I'm not a news hound by any stretch, but I do like to stay informed about what's going on in the world. (I despise "local" news with all the reports of murders, robberies, fires, etc.)The national "evening" news shows really irritate me. I hate…Continue

Surreal, I haz it

Started by Ruth Anthony-Gardner. Last reply by Ruth Anthony-Gardner Nov 22. 79 Replies

Surreal, not just found in art.Continue

Tags: surreal

Comment Wall

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Comment by booklover on July 21, 2013 at 1:18pm

I agree Carl.  People, especially in the US, are so used to their conspicuous consumption, that I think they would rebel.  They can't even imagine not having everything they want, when they want it, even if it means (and it usually does) putting it on credit cards.  They can't fathom that it is literally impossible for the whole world to live this way. It makes me sick. Selfish is right! And yes, we are in a very sad state!  I am pretty frugal, and I'm working on living a minimalist lifestyle.  Believe me, I'm not there yet, but just watching others consume out-of-control makes me ill.

Comment by The Flying Atheist on July 21, 2013 at 12:49pm

I'm am quite aware of the many sacrifices that were made by civilians during the period of WWII.  Government enforced rationing of meat, gas, rubber (auto tires), sugar, butter, coffee, metal, etc, etc.  The long list goes on and on.  I often times wonder if our society today could even begin to accept such inconveniences without total anarchy breaking out.  The modern, western-style of over-consumption has not only become our normal standard of living but also an expected human right, any negative consequences be damned.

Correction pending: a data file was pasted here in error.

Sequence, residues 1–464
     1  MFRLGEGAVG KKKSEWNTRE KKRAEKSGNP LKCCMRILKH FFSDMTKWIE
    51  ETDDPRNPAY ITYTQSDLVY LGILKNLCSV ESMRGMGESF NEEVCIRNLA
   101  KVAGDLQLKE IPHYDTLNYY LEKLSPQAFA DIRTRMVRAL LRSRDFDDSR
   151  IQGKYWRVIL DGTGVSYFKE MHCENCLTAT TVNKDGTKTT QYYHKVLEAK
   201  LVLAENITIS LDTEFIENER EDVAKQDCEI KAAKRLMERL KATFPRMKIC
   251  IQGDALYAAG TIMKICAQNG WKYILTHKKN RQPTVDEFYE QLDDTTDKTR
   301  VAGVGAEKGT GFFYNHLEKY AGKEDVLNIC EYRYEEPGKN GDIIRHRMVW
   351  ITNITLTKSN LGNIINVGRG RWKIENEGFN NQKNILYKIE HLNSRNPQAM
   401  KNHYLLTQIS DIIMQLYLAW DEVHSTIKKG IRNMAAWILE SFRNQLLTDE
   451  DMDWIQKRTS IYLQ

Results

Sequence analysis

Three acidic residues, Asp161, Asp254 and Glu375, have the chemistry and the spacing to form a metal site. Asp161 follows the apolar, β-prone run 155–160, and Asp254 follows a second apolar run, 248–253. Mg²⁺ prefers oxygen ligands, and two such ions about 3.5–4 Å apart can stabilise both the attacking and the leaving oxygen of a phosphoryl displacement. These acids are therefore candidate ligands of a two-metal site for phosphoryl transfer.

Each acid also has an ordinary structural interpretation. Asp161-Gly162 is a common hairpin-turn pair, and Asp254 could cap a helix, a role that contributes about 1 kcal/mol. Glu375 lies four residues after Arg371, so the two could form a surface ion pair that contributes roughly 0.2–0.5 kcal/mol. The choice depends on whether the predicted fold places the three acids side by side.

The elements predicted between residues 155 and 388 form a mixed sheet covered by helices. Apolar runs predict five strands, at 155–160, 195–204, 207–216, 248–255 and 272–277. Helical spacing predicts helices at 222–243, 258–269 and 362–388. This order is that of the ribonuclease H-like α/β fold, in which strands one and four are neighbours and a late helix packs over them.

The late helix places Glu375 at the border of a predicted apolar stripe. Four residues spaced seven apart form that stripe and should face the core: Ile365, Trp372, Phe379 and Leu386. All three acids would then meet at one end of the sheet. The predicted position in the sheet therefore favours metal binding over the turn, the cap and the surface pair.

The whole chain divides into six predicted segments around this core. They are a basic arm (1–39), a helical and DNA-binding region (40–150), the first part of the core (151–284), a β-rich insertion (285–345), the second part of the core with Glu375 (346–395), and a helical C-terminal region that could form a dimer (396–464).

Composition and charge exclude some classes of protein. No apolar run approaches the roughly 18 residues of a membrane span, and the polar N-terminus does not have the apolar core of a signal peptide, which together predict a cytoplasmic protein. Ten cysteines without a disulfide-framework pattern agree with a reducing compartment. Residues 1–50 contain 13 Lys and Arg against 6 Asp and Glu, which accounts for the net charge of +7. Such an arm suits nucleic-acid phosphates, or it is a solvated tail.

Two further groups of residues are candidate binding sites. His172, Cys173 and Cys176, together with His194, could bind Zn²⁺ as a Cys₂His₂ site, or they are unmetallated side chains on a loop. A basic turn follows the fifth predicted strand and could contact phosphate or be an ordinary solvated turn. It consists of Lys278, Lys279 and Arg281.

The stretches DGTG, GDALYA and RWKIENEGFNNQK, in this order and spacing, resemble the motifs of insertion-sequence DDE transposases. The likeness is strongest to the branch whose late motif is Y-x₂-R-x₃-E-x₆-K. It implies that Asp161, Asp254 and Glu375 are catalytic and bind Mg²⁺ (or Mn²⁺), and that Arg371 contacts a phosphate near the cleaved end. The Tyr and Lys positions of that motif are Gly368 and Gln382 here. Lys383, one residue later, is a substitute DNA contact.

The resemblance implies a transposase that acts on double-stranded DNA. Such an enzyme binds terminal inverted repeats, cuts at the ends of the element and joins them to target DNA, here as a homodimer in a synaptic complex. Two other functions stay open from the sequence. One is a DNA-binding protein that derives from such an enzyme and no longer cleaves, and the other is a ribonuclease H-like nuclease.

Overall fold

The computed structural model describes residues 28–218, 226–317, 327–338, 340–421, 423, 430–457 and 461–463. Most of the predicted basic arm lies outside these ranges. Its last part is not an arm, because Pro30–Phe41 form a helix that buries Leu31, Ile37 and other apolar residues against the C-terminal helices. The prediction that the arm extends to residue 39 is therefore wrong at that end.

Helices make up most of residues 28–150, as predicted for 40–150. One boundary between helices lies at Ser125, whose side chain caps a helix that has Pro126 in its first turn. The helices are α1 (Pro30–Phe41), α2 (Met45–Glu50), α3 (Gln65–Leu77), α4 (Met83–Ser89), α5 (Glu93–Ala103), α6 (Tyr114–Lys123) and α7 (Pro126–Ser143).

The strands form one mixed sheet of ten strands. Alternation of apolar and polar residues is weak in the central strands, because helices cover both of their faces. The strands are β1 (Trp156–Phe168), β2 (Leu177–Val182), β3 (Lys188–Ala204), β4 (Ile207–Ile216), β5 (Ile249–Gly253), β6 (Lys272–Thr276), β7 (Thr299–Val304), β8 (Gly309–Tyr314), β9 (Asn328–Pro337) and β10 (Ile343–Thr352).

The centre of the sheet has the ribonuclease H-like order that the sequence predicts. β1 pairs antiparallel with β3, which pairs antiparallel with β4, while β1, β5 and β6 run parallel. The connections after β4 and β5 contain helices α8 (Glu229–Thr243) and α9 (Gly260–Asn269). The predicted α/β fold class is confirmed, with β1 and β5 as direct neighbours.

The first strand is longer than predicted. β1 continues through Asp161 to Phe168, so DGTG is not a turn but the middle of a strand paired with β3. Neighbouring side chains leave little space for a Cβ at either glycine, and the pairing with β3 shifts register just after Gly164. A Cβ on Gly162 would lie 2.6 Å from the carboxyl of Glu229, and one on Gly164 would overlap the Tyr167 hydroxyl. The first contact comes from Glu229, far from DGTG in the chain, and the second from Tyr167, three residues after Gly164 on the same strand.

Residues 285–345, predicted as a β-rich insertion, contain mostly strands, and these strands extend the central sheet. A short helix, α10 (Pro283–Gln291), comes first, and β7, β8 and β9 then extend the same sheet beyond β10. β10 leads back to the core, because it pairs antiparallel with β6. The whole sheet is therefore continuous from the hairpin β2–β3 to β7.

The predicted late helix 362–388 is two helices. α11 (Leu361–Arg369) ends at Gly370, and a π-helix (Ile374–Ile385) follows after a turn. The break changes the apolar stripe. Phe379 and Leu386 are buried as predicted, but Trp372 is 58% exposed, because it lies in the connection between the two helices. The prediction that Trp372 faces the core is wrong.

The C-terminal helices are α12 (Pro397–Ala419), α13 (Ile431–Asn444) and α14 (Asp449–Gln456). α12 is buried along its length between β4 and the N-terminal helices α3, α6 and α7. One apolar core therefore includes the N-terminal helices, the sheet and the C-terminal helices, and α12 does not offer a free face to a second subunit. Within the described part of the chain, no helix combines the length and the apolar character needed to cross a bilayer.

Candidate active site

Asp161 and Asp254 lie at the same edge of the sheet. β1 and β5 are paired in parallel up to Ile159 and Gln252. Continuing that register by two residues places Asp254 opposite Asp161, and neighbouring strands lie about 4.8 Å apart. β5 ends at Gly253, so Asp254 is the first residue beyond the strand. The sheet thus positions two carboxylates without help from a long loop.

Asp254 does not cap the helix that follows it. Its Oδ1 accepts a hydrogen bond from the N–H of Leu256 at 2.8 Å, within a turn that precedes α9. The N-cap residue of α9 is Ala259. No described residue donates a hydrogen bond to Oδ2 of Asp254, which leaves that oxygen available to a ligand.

Since the time of WWII we have participated in several more wars but we have not rationed since the 1940's.  We had long lines for gasoline for a short period in the 1970's, but alas, that was only temporary.  Once the oil was flowing again, our over-consumption kicked right back in.  I'm deeply troubled by this behavior and I'm at a loss for a solution.  As I stated above, I honestly don't think our selfish society today would allow government enforced cutbacks on our consumption without all Hell breaking loose.  And it doesn't help that many people don't even wish to do so voluntarily.  We're in a very sad state. 

Comment by Ruth Anthony-Gardner on July 21, 2013 at 12:47pm

Yes, welcome indeed, John Kennedy Opiyo.


Randall, I bristle too when an otherwise resonant passage suddenly slips in theism. My tolerance for theism is very very low. I even react negatively when I see atheists here wasting otherwise productive minds discussing nuances of theistic doctrine.


Yes, Joan, a wider, longer perception of events is what I need, along with enjoyment of fluttering fledglings on shrubs. I appreciate Albert Ellis, but I don’t think fear of rejection keeps people in long term relationships. We have an instinctive need for other people.


Ian, I enjoy neon lights, and find it easy to ignore the commercial messages for the color and luminosity.

Comment by booklover on July 21, 2013 at 12:33pm

Clever and so funny!

Comment by booklover on July 21, 2013 at 12:33pm

Glad you liked the annoyed cat Ruth!  Don't worry, no one judges you here.  We just care about you because you are our good friend.

Our first cat we had to have put to sleep years ago was named Jo.  I didn't know that in the middle of the night his blood-pressure had gotten so high that it detached his retinas, and he was blind.  How scared he must have been all night!  I found him downstairs hiding under a table.  It still makes me sick that I didn't know, and he spent his last night alone and scared.  After they put him to sleep at the vet, I was crying so hard I could barely write the check. :(